Being picky

As mentioned in my 2015 round-up post, I’ve been trying to make ends meet, re: open source plus a paying job. In March, I parted ways with a bunch of great people to take time off1 and embark on a job hunt.

My goal was to find a company that could dedicate time to upstream maintenance, used my projects heavily in production, or both:

  • Without a clear split between “internal” and “external” development time, prioritization becomes a tug of war leaving both sides unhappy. (And verbal agreements can get lost when organizations reshuffle.)
  • Only by using one’s own projects can a developer truly internalize use cases and encounter edge cases. Development in a vacuum isn’t great.
  • A role lacking one of these is problematic; one with neither – regardless of how awesome it would normally be – can make OSS unsustainable.

Work found

Despite my tight focus, I’ve had many great conversations with amazing hiring managers – often, after grilling whichever friend or contact initially reached out. Thanks to all of you!

After some difficult decision-making, I’m happy to say I’ve found a role filling both of my criteria! My new employer:

  • uses Fabric to manage thousands of servers, giving me an excellent source of real-world problems to drive development;
  • is giving me 1 day/week for pure upstream development;
  • has plans for a new, interesting-to-an-ops-guy platform that I’ll help architect and develop.

I start at mLab – the world’s leading MongoDB hosting company – tomorrow.

Wait, what?

Some of you are now imitating this GIF, and as for the rest, bless you for avoiding one of tech’s many hate-fests. Unfortunately, MongoDB has a perhaps deservedly poor reputation.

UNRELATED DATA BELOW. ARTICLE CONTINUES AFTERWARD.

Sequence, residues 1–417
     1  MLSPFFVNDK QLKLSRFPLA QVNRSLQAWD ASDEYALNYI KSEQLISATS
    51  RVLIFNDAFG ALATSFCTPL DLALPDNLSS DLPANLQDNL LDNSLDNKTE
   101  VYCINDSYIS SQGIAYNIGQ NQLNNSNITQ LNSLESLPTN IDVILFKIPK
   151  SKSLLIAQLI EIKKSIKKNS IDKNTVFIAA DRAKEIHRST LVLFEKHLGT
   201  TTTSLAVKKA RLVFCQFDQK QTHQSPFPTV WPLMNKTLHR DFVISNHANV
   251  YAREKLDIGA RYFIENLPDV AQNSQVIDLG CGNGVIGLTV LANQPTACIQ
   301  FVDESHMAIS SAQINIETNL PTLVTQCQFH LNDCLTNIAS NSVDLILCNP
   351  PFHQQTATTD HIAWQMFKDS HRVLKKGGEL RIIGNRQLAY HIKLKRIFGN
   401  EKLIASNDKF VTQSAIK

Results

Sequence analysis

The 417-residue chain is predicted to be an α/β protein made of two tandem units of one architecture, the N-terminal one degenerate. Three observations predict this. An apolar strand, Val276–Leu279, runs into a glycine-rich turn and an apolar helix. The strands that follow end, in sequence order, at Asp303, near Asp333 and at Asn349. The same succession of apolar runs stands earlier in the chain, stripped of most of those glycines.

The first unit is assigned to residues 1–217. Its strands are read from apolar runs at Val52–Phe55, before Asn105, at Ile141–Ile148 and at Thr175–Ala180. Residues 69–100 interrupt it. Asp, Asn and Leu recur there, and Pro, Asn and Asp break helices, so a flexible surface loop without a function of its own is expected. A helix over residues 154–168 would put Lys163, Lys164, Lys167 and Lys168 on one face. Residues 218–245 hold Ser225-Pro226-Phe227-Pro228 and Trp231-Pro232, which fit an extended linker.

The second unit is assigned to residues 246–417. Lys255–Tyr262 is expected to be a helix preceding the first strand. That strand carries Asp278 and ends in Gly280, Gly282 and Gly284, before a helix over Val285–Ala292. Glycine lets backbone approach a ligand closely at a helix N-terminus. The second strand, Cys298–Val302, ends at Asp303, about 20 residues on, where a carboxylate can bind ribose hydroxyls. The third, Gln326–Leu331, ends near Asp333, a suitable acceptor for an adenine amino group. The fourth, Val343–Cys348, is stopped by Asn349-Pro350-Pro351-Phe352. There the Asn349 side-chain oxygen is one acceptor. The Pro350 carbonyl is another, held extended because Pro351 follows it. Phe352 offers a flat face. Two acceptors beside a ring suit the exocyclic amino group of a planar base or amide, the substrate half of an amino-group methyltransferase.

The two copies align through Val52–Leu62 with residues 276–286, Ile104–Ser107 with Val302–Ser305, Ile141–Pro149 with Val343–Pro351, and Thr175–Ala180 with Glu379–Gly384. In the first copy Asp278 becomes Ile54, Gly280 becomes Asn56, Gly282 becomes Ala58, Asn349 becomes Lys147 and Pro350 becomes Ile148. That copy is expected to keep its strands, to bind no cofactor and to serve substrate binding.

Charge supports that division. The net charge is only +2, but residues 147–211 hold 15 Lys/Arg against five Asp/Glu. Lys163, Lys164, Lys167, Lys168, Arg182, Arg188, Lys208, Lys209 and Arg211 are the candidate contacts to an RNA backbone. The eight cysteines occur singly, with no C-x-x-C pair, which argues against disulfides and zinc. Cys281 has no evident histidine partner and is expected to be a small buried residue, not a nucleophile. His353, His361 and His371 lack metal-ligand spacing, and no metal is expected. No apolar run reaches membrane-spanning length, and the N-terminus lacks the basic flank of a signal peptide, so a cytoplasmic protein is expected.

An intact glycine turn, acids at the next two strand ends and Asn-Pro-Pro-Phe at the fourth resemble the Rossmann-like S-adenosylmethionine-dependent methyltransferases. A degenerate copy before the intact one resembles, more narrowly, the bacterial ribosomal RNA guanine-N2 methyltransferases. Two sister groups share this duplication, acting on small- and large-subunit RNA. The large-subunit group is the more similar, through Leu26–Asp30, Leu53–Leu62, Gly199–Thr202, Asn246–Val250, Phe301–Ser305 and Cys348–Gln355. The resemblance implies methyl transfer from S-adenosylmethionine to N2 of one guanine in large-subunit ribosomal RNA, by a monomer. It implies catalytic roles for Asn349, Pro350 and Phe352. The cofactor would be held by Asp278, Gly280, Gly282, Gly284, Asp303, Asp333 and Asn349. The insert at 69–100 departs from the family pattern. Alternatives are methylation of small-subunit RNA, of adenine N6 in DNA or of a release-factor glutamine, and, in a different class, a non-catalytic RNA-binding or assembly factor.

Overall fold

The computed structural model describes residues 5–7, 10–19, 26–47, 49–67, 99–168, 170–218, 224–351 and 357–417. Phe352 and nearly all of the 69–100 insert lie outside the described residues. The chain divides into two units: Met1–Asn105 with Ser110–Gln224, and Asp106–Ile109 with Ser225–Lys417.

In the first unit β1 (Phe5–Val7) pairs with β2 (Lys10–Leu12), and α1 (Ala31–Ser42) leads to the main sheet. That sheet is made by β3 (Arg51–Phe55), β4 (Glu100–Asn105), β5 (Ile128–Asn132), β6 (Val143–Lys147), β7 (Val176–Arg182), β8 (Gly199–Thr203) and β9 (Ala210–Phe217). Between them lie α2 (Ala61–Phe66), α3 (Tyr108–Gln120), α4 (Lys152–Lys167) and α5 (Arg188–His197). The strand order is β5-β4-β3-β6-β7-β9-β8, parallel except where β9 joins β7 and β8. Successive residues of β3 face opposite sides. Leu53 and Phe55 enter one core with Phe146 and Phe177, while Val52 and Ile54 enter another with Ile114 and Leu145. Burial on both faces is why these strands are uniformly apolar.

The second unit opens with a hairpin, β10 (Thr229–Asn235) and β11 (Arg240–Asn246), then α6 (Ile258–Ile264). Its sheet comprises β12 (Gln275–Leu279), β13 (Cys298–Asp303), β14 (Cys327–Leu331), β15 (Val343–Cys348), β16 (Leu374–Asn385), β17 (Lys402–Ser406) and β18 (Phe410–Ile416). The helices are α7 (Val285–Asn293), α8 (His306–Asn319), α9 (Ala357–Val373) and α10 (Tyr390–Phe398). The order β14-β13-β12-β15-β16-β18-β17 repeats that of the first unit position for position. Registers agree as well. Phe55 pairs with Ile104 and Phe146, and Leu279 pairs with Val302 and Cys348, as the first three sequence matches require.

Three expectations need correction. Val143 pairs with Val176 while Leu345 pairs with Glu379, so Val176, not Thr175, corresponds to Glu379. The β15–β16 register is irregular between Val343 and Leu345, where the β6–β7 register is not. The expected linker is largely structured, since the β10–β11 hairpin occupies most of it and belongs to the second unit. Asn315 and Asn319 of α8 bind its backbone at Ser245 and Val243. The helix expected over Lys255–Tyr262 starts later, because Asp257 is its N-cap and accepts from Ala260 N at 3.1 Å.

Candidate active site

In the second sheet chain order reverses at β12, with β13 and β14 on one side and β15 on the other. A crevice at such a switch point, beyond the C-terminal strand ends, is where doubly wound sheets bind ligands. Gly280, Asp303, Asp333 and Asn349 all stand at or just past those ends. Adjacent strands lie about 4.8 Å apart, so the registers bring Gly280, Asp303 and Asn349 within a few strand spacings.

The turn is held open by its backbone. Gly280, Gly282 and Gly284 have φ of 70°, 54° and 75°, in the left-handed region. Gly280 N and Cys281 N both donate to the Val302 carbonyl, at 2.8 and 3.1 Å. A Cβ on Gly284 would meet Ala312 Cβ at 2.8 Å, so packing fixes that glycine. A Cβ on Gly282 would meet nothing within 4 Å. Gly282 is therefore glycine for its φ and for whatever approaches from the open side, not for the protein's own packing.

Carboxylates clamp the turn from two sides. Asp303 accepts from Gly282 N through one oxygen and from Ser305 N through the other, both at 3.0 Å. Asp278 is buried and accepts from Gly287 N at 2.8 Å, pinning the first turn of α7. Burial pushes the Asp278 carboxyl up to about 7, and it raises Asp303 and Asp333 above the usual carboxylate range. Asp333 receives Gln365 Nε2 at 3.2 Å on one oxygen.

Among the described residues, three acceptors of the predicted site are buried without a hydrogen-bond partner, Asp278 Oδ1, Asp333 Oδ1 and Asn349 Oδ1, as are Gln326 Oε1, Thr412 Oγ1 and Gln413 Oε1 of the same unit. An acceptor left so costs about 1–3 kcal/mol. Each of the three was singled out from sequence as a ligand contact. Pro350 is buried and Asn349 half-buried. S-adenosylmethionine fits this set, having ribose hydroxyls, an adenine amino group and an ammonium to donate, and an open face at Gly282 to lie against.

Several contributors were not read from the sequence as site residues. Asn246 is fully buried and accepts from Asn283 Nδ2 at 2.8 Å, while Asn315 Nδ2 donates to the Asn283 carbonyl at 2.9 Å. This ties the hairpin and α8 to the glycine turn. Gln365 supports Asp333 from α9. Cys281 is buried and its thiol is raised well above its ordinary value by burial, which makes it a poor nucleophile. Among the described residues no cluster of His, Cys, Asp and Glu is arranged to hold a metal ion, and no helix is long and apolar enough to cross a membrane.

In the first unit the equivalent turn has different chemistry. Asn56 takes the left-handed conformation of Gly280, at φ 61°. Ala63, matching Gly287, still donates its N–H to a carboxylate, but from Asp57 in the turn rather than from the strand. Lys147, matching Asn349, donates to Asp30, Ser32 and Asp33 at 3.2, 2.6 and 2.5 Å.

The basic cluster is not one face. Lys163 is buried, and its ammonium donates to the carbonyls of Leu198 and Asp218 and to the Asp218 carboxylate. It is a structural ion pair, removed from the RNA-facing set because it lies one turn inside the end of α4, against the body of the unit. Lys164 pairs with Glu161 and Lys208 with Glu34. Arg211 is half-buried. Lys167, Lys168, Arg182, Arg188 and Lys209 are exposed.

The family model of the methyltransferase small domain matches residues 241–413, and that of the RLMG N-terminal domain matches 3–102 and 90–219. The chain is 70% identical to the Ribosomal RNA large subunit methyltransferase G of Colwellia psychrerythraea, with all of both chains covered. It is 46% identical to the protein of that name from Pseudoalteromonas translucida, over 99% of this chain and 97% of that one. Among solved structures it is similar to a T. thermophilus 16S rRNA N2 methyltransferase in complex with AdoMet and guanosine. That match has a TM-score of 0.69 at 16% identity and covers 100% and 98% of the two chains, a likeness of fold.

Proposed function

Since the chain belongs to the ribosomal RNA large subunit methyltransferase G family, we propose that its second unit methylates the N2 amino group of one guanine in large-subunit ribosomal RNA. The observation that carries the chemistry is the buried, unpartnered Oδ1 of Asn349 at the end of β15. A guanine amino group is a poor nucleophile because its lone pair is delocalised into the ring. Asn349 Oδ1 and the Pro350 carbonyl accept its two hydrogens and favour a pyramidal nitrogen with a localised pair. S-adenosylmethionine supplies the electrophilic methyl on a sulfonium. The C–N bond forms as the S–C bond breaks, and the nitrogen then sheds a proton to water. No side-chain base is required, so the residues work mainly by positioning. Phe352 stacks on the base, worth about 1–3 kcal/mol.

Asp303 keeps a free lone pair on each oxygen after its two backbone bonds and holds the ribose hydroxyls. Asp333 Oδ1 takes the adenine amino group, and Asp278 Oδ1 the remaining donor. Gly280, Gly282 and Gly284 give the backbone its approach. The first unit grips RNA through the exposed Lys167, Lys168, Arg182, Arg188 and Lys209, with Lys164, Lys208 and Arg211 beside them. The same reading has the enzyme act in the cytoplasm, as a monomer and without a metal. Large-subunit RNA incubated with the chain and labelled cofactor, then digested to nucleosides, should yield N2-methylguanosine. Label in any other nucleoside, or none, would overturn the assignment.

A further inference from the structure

Each of those words links to a less-than-positive article by former MongoDB users and/or data integrity experts, and this is only the tip of the iceberg.

So why did I join a company founded on Maybe Not The World’s Best Database?

Everything involves tradeoffs

See header. For all the upsides this role offers, I’ll happily use MongoDB occasionally. In addition:

  • MongoDB is largely “the product” here; as a sysadmin, enjoying or liking my employer’s product and/or production stack2 has historically been a bonus, not a requirement. I’ve been hired to work on Fabric, not on MongoDB.
  • I’m academically interested to see if Mongo has learned from earlier missteps, and/or why it’s still popular enough to keep a hosting company in business.
  • mLab weathered my many questions re: technical debt, work-life balance, on-call schedules, etc – and I liked what I heard.
  • The company recently announced plans to go above and beyond MongoDB (thus my “developing a new platform” angle). Who knows what the future holds?

Of course, that’s the point – at least in the mid term, the future holds a sweet deal for me and my projects. So please hold back on the snark3, and instead be happy that companies are still willing to directly invest in OSS maintainers.


  1. Insofar as OSS maintainers can take time off…you’ll notice my subsequent blog posts were about a major Paramiko version bump! [return]
  2. My last job was technically about mass marketing and Enterprise Java™, neither of which I enjoy. But I didn’t care, because my actual job was slinging Python and Ruby. Same idea here. [return]
  3. “The more senior you get, the more cynical & negative you become” is a theme I’ve noticed lately, probably deserving of its own blog post. [return]